From the July/August 2022 issue of Apollo. Preview and subscribe here.
After Russia launched a full-scale invasion of Ukraine on 24 February 2022, the Russian artist Alisa Gorshenina saw no point in making art. Speaking on the phone from her home in the city of Nizhny Tagil, in the Urals, the 28-year-old – who calls herself Alice Hualice on Instagram – tells me that when she woke up to the news, she roused her husband by telling him there was a war and that her first thought was to react publicly, stating her position. The next day Gorshenina walked up a slope that is a tourist attraction in the industrial town and planted a big placard, on which she had written ‘NO TO WAR’ in the snow. Nizhny Tagil is a small town.
The single picket made the local news and prompted negative comments but it stayed up for two weeks, according to the artist. A few days later, she put up a sign saying ‘NO TO WAR’ at her window. ‘At first I thought I had died as an artist. And then I came back to art – to resistance through art,’ Gorshenina explains. Next, she sewed the words ‘NO TO WAR’ and tear-shaped pieces of fabric on to a black coat and walked down the city’s Peace Street. ‘Some people ignored me, some women watched me with understanding in their eyes, some men shouted that I was insane. I’d say that the official statistics don’t represent how people feel. There’s a lot of people who disagree with the war in secret,’ Gorshenina says. ‘The following day [the authorities] forbade [us] from using the words “No to war”, so we’ll have to invent new ways of saying it,’ she adds.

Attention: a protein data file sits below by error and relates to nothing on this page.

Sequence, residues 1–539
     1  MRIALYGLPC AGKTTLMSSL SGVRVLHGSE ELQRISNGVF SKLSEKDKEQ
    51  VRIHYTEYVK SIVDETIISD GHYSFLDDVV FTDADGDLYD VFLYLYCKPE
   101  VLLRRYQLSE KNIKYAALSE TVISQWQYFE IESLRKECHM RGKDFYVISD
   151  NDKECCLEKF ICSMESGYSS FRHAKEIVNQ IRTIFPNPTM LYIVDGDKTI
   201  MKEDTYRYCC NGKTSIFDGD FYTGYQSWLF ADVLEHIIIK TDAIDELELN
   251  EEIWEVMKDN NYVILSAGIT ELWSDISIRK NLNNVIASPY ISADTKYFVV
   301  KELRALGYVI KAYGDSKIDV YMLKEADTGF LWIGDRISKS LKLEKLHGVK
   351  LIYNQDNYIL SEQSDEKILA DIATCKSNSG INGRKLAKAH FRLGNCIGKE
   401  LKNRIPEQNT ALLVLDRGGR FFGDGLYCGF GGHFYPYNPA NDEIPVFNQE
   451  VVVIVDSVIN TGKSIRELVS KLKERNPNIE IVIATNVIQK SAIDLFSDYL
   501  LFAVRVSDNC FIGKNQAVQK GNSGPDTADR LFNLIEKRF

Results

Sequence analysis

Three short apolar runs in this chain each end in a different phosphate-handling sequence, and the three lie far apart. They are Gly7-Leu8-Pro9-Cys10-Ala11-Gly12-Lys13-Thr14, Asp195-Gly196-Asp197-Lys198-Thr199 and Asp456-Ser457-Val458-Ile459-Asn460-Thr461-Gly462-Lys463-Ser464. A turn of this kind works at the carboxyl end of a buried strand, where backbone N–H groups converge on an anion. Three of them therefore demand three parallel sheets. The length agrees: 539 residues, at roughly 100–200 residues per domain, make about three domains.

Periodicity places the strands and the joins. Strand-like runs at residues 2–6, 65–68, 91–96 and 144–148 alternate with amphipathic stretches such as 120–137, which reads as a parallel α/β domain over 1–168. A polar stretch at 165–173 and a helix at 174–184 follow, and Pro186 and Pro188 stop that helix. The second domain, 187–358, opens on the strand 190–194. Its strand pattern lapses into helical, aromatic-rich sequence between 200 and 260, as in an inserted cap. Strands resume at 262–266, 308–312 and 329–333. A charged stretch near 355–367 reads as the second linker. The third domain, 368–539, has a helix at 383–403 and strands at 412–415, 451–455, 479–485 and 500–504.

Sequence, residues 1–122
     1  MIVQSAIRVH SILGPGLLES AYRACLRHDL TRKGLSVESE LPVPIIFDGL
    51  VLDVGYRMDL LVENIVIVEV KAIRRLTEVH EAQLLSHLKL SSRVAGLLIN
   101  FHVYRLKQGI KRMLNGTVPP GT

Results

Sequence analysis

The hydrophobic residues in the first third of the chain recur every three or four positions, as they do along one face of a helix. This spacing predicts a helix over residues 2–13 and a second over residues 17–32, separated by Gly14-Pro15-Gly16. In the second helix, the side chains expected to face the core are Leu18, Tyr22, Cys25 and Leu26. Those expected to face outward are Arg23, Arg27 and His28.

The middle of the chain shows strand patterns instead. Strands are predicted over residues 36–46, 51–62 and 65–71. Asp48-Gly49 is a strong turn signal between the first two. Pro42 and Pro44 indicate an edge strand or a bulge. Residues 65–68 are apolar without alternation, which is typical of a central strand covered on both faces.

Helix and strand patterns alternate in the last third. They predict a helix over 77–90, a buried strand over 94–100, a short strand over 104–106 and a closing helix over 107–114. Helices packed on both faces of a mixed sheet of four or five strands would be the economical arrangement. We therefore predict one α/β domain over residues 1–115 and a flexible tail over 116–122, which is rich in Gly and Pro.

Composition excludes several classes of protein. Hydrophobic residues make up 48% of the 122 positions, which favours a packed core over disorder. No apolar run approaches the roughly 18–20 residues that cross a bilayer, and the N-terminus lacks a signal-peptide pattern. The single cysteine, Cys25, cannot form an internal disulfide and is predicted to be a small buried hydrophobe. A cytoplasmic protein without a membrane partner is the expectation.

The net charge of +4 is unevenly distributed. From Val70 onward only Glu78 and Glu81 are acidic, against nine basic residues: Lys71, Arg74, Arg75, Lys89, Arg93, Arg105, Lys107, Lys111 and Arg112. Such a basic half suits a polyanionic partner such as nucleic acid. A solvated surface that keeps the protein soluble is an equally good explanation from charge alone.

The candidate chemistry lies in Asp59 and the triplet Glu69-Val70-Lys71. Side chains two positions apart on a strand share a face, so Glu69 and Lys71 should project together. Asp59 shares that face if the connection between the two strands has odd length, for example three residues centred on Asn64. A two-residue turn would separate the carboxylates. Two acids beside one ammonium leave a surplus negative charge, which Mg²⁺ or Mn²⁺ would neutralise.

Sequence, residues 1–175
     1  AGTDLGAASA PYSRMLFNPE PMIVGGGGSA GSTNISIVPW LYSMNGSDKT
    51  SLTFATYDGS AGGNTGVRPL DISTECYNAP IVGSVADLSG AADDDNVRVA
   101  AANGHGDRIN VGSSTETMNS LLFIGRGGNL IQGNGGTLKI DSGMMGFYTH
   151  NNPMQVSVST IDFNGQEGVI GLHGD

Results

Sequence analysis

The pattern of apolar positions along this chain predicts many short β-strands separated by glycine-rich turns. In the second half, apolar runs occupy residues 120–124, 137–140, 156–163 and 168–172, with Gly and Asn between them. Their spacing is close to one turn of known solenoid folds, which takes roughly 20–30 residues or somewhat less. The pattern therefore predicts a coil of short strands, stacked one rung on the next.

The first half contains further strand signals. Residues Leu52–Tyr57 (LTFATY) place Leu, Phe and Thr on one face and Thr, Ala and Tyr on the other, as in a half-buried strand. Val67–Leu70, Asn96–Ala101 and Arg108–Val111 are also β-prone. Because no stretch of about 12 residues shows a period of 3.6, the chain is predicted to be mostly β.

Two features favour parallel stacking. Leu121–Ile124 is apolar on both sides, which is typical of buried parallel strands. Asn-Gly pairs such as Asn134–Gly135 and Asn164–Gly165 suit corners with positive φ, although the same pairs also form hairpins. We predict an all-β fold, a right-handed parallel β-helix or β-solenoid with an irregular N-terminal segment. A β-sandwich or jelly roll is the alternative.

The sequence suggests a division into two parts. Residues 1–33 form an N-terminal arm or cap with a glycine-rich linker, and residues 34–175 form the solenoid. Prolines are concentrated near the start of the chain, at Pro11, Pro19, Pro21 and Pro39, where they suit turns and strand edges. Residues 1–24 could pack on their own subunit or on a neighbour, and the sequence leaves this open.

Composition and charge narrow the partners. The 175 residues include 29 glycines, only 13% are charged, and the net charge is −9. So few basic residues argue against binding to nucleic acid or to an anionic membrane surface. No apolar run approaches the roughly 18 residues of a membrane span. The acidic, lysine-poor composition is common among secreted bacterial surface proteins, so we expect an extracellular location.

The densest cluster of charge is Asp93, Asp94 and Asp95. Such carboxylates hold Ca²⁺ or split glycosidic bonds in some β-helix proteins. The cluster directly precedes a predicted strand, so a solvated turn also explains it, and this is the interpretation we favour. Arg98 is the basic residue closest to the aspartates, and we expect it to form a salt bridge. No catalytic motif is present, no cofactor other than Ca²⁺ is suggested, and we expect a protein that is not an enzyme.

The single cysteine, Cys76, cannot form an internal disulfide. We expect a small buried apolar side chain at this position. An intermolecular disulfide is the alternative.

After 24 February, the United States, the EU and others introduced wide-ranging sanctions against Russia with the aim of crippling the country’s economy. These sanctions targeted billionaires believed to be close to the Kremlin, some of whom had been funding key art institutions such as the Garage Museum of Contemporary Art (co-founded by Roman Abramovich) and the V-A-C Foundation (co-founded by the natural-gas magnate Leonid Mikhelson). This revealed what we had known all along: that oligarch-funded institutions weren’t far from the state.
Ukrainians had more immediate concerns, such as survival, and many artists and cultural institutions turned to volunteering and raising funds, with galleries and art centres becoming temporary bomb shelters or places for the internally displaced to stay. Russians of course didn’t face such hardships, but for artists and people who work in culture it still felt like a decisive time. Fears that Russia would close its borders prompted people who had the means to do so to leave. Calls to boycott Russian culture started appearing from Ukraine and elsewhere. A few days after the invasion, the curator and two artists responsible for the Russian Federation’s pavilion at the Venice Biennale resigned, cancelling the country’s participation in the event. The Italian art director of the V-A-C Foundation also resigned shortly after the invasion. The foundation had recently opened GES-2, a vast exhibition space close to the Kremlin that was intended to be Moscow’s answer to Tate Modern. Several artists, both from Russia and abroad, asked for their work not to be exhibited by GES-2. The Art Russia fair, on the other hand, still took place at the end of the March, with many Russian artists taking part as if nothing had happened.